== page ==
Black Shale Geochemistry: Why it is trouble for the Coal Industry

Black shale, or “metalliferous shale” forms under reducing conditions (anaerobic) and commonly associated closely in the roof and floor of many coal seams. Such reducing environments could present in fresh, brackish, marine or even hypersaline waters. Sulfide minerals are common in black shales. The reducing conditions form from lack of oxygen usually caused by bacteria. Reducing conditions promotes the preservation of large amounts of metals and Rare Earth Elements (REE). Black shales form when the organic matter present in the system consumes all of the oxygen. Some of the black shale has been identified as host rock for syngenetic metal deposits.

Definition: Black shales are defined as fine grained (silt to clay size) dark colored mud-rock containing >5 % organic carbon ( often preserved as Kerogen).

Coal mining commonly disturbs the overburden completely for surface mining purposes. Even for a deep coal mine, some disturbance of the overburden material is required during the construction of slope, shaft etc. The coal permit application in the USA requires proper geochemical characterization of the materials to be disturbed by the coal mining activities. Commonly acid base accounting (ABA), Sulfur forms and selenium are analyzed for geochemistry purposes. High acid forming zones and total selenium > 1 mg/Kg in the rock is identified and marked as potential problem zones. Such materials are specially handled during the mining.

Black shales are typically enriched in organic matter (up to 6% in some formations). Sulfur content in the black shale could be as high as 16%. (Reference

In most cases, black shales are known culprits for selenium. Black shales could have metal enrichment factor as high as 50 times for Ag, 10 for Mo.  Black shales are commonly enriched in:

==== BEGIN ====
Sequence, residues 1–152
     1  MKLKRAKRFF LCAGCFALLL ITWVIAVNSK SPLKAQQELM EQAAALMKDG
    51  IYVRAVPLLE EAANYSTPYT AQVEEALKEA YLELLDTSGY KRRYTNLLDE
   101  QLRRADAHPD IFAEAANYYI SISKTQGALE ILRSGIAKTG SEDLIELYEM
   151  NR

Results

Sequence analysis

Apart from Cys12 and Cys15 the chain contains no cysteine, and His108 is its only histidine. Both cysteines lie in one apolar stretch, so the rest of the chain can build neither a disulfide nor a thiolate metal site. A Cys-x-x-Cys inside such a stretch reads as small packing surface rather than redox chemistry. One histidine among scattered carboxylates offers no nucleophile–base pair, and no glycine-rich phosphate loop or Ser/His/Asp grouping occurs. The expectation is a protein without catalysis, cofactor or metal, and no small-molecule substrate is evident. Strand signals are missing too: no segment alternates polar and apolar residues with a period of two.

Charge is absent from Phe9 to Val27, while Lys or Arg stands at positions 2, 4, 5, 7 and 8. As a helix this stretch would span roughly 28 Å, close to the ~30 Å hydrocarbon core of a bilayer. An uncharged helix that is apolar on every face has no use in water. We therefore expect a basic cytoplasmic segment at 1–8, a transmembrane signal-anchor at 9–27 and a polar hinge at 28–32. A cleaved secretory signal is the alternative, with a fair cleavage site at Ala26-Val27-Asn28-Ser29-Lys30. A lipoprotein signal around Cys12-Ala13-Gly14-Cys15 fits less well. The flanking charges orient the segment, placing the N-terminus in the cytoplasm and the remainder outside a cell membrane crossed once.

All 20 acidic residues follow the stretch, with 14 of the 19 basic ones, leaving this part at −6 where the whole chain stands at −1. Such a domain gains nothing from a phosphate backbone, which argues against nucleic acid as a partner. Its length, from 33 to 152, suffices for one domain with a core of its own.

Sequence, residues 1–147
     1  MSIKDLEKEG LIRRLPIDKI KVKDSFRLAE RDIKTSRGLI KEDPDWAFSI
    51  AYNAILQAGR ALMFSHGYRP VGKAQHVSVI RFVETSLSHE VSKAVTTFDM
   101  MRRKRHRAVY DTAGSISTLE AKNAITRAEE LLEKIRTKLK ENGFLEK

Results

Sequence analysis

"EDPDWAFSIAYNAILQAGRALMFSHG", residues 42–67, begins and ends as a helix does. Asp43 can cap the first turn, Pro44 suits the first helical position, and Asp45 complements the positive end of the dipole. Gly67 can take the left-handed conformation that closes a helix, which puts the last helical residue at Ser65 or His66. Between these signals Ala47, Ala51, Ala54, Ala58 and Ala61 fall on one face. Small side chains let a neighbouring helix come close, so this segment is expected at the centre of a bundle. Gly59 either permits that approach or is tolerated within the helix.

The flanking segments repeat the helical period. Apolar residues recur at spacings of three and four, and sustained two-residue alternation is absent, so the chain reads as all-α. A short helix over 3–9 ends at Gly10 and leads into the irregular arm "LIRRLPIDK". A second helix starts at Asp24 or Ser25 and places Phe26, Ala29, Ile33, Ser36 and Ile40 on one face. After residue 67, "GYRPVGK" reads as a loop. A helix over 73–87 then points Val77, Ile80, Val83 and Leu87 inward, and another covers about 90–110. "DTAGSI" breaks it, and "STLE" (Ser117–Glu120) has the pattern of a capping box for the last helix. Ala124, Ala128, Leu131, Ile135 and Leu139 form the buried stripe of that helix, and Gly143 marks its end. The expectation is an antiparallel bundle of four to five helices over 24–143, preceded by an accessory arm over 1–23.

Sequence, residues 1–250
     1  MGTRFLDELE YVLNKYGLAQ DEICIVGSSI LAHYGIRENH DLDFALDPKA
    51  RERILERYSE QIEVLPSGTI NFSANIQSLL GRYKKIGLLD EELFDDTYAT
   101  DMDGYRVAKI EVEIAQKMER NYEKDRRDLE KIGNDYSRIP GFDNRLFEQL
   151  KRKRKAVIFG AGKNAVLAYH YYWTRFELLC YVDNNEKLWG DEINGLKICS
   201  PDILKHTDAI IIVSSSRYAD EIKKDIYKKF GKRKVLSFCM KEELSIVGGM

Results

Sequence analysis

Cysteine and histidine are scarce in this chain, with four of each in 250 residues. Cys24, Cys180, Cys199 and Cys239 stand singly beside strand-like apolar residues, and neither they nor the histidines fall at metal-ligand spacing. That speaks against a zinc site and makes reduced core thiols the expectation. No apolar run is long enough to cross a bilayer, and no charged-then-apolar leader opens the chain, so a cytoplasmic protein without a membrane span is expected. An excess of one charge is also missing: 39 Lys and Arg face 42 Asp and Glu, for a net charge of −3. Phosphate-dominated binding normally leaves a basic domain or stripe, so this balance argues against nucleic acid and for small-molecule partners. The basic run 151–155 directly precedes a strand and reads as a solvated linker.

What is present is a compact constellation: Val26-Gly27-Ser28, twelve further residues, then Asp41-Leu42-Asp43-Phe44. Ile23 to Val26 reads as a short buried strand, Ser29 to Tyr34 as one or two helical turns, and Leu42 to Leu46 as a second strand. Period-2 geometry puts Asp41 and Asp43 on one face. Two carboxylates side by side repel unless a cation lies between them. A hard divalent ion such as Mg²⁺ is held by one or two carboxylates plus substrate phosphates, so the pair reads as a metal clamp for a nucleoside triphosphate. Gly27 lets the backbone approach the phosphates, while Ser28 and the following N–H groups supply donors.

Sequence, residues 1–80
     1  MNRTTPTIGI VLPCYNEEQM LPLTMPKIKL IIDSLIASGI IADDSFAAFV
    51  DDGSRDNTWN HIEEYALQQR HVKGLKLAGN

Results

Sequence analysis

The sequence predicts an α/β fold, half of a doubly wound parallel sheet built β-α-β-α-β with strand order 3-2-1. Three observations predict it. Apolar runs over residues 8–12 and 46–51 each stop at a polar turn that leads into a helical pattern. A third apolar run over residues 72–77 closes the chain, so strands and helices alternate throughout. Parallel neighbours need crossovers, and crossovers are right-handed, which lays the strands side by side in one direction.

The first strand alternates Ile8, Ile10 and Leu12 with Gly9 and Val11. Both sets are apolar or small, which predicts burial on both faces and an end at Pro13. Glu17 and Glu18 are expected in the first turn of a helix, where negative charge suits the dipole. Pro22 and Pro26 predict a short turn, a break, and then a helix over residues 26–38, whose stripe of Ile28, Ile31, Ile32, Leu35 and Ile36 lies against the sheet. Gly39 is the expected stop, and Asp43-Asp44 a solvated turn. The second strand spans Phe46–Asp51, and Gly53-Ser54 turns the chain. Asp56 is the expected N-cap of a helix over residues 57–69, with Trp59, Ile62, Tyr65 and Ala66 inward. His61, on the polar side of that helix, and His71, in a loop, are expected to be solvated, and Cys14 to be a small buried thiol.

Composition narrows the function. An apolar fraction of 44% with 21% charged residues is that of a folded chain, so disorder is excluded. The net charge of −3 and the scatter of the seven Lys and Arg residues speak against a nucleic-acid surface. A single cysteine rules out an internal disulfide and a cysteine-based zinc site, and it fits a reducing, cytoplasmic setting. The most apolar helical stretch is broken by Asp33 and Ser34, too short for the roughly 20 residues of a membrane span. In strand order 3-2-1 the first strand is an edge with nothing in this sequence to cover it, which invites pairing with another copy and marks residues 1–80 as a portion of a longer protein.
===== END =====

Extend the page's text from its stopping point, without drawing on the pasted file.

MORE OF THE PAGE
• Arsenic (As)
  • Copper (Co)
  • Chromium (Cr)
  • Molybdenum (Mo)
  • Nickel (Ni)
  • Uranium (U)
  • Selenium (Se)

These metals however do not form minerals of their own and cannot be identified by naked eye or even under the microscope using regular light microscopy. They are usually microscopically distributed among the organic matter in the black shale. Sometimes they substitute for other metals and present in trace amount in other mineral phases.

Black sea is a modern day example when black shale is forming. Black sea is shut off from oceanic currents and reducing condition exists below 150 meter death.

In short, black shale is a problem for the coal industry as they can leach high concentration of various metals (Including RCRA metals) in the surface and groundwater if the condition becomes acid producing. It is often recommended to perform leach tests especially on the black shale samples to evaluate the rate and fate of various elements present in the black shale.

Geochemical condition must be properly evaluated before mining begins. Please contact Ankan Basu, P.G (Geochemist/Hydrogeologist) [email:] with 6 years of experience in the coal industry for any geochemical investigations.


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